The Painted Painter:

Paints, brushes, papers, the canvas I had them all, I had them stacked, I had them stored, I had them ignored and forgotten.

A crazy idea flows and flutters and sits over my head, I decide to paint, to paint a portrait of myself.
I stand, the canvas and me, face to face staring at eachother, both hopeful, both blank, both lost.

The brush hovers in air, suspended mid-air as if a humming bird right at the moment when it came near a flower, forgot the reason why it came to it. The paints dripping as if bored by this indecision decided to paint the floor instead.

The thoughts formulate, and I paint. I paint myself in colors of all shades.

I paint myself, in colors bold and blunt, soft and vibrant, catching and repelling, I paint myself in all the hues that I could comprehend, all the hues that I could imagine.

It was done, and it was I; it was a mystery, and it was mysteriously I.

The core though, in what shades do I color it?

There wasn’t a combination that could fit my imagination of it. The color, that perfect color was at the edges of my imagination but my hands could not mix a proper combination. I visited a painter. . .

The painter having looked at my portrait mocked me and went ahead with displaying his skills with the brush.

He painted me in color white with a core black. Sensing my disapproval, he painted me again with the color black and a core white.

That was how the humans were he said and I must belong to one of these.

I went home, washed clean my portrait, I painted white with black and another, black with white. Two paintings as the painter had done.

I took each in one hand and slammed them into one another. Both had now a hint of mystery, both reduced to mere blotches, blotches of white, black and grey. This! I said, this is close to who I am, yet this was not me. I wiped it clean.

The bell rang. At the door was an old friend. . .

Praising me she held out a mirror in an attempt to make me see my true reflection. A smiling and content face stared back at me. A woman with quite attractive features, disheveled hair and a dark green stain on her right cheek, confidently stared right back into my eyes.

Elevated, I started to paint with a new vigour. This time with colors red, orange, and yellow. It was quite a beautiful portrait, but it wasn’t me. And though I wished I was that woman, I wiped her off the canvas.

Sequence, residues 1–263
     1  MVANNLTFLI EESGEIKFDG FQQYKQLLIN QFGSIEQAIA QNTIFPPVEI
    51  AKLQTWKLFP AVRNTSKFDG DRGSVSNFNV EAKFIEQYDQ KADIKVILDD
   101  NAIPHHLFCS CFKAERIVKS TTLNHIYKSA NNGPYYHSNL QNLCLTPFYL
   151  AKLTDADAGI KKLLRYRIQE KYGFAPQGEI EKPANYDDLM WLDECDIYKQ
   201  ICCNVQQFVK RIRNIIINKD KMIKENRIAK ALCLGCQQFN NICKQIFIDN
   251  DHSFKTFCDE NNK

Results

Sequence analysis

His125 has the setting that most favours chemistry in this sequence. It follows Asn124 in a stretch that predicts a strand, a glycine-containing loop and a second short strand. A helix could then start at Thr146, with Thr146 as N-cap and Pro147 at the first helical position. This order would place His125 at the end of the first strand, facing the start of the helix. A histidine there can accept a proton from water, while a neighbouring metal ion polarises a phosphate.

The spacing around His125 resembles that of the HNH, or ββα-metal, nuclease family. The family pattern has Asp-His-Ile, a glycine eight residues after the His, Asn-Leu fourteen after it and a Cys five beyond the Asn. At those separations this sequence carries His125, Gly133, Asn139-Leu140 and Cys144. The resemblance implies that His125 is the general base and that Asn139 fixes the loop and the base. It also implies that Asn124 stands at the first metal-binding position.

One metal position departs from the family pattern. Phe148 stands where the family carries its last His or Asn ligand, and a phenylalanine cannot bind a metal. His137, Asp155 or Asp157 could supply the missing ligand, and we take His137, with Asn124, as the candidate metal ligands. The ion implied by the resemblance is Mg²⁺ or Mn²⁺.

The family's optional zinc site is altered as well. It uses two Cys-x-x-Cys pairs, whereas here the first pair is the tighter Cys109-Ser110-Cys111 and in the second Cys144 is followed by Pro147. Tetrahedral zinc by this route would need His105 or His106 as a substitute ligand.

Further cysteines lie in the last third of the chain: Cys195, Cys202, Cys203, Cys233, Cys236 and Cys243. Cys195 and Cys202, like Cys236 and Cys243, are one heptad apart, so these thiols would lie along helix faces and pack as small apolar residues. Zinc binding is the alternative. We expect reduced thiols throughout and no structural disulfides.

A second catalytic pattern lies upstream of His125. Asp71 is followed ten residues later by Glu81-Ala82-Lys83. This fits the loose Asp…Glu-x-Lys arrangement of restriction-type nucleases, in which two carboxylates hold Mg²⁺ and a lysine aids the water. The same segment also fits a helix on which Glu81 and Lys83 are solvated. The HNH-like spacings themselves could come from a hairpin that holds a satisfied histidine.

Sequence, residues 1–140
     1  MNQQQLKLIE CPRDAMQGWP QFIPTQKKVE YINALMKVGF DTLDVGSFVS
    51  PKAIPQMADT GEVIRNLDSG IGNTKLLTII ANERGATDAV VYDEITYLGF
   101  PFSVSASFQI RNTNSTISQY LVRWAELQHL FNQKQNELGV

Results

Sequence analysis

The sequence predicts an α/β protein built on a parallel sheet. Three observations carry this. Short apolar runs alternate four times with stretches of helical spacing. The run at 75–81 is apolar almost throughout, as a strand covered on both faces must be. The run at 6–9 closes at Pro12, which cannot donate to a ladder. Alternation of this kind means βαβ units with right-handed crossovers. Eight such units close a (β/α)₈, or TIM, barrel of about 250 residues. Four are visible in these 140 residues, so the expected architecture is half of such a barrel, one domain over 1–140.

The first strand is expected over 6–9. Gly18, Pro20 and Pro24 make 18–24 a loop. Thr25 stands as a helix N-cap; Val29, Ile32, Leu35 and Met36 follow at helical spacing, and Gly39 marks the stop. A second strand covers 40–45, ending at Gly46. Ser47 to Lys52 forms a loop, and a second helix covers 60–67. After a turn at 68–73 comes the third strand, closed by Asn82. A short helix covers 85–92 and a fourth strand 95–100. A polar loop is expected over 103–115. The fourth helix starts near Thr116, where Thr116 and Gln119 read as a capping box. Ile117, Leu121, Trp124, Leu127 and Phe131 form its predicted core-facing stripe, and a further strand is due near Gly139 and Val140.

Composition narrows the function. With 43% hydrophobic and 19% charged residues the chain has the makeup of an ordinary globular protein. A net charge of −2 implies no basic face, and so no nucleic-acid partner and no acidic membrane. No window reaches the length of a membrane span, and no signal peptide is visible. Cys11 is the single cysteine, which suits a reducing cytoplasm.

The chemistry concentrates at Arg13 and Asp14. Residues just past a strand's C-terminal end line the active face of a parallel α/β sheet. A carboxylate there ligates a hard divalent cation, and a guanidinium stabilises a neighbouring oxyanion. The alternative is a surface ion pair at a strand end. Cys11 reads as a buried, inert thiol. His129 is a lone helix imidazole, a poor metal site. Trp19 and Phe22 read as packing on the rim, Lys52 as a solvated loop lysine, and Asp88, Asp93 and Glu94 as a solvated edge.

The street was lively on that Sunday afternoon, people were happy and the sound of laughter and chatter seemed to lend a new life to trees and birds as well. Everything had come alive.

I set my foot out, armed with the brush and paper. People I greeted, greeted me, smiled to me and busied themselves in their chatter.

Left alone in that crowded street, I started to paint. . . my next door neighbor though, she kept glancing in my direction every now then. Should I go and say hello? I decided that I should.

We have a short talk, the usual neighborhood stuff, who is doing what and what not kind of things. It was at the time of excusing myself that I caught my reflection in her eyes. A reflection of a tired, gloomy, arrogant, and good-for-nothing girl.

And I painted, using the colors blue, purple, grey and black. Was it really I? It wasn’t I; then who was I? Dejected and confused, I wiped it clean.
The world was a strange place to be, the humans were stranger to be with, and the whole process of life was proving to be the strangest.

A mere act of painting a self portrait was rendered impossible or was it just a self portrait?

Within my life’s boundaries I knew myself or at least I pretended I did but in the end it seldom mattered what I knew or not. The only thing that mattered was, how quickly I adopted to where and how I was projected.
I would be seen and painted in a huge variety of colors, people would continue painting me in shades I never knew I could be painted with, but they would continue, and they would choose the colors they liked to choose.

Perhaps, because these are the only colors they have, perhaps they have a particular liking for these colors, or perhaps during their journey to making a self-portrait the world had painted them in these specific colors and then they had lost the sense of all the other colors in the world.


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